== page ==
Thursday 4 February 2016

Science: How to make glue from milk

This is a fun experiment, it does involve heat so you do have to be careful and have a responsible adult when carrying out this investigation.

As you can see in this photo the glue we made was strong enough to stick two boxes of eggs together and hold the weight of the six eggs in the bottom box!  Pretty impressive!


For this scientific investigation I will take you through step by Step explaining the science behind it as we go.  First you will need:
  • A pan 
  • Milk
  • White vinegar
  • A spoon
  • Water
  • Bicarbonate of soda
  • A disposable plastic cup


Put 150ml of milk in a pan and add 5ml of white vinegar.

By adding the acid, the vinegar, to the milk you create a chemical reaction that separates the milk; you will notice that the milk will curdle, stir it on a gentle heat and the curds, the white clump, will separate from the whey, the liquid.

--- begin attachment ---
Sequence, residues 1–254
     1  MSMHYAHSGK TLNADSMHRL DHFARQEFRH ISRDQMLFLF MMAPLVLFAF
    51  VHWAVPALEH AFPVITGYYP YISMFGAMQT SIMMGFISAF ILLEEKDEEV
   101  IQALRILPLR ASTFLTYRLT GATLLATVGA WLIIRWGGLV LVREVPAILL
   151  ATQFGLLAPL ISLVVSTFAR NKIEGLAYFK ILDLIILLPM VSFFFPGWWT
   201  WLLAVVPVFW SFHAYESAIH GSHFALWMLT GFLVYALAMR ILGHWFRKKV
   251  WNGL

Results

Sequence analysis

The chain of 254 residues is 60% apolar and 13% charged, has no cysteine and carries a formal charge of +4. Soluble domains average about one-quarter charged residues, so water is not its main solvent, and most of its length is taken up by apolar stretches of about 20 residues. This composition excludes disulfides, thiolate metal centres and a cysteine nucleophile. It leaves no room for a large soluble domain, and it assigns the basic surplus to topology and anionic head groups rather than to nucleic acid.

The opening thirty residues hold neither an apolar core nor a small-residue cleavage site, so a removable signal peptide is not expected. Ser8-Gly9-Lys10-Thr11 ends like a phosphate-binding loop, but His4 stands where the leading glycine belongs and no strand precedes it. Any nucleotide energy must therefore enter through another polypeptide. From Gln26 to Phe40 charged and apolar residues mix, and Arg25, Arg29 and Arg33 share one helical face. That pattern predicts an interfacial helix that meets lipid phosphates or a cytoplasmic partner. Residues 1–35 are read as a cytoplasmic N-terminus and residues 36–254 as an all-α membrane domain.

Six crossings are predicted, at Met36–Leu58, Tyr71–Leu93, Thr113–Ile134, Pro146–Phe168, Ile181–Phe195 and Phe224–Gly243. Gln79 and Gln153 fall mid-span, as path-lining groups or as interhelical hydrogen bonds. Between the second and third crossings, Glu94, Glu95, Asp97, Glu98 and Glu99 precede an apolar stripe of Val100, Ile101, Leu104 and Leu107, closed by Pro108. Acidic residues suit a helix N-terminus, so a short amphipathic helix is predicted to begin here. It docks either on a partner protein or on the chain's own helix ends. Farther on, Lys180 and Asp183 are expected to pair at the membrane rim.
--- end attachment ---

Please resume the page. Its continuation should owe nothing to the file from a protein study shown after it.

Drain off the whey and add a little, 10ml or so, of water to the curds in the pan, and 5ml of bicarbonate of soda.  

The curds are milk protein, called casein. Liquid casein is a natural glue. When we add the bicarbonate of soda it neutralises the acids left over from STEP ONE. The bubbles that are produced are filled with Carbon dioxide a gas that is produced during the reaction between the acid and the base.

Gently simmer the mixture until the curds breakdown into a liquid again, then keep heating it until the mixture thickens, it should be the consistency of PVA glue.  The curds, the casein, become liquid again.  

N.B: you will notice that it will foam and froth like egg whites whisked at first but this will reduce as the carbon dioxide leaves the mixture.


Glue something together like two egg boxes! 

How strong is the glue?  How much weight can it hold?
If you enjoyed this investigation you might like to try making your own soft cheese...

1 comment:

  1. A great experiment with milk! I have never seen such use of it. Really strong adhesive. I am english essay helper who knows a lot of topics, but this is the first time I've come across this.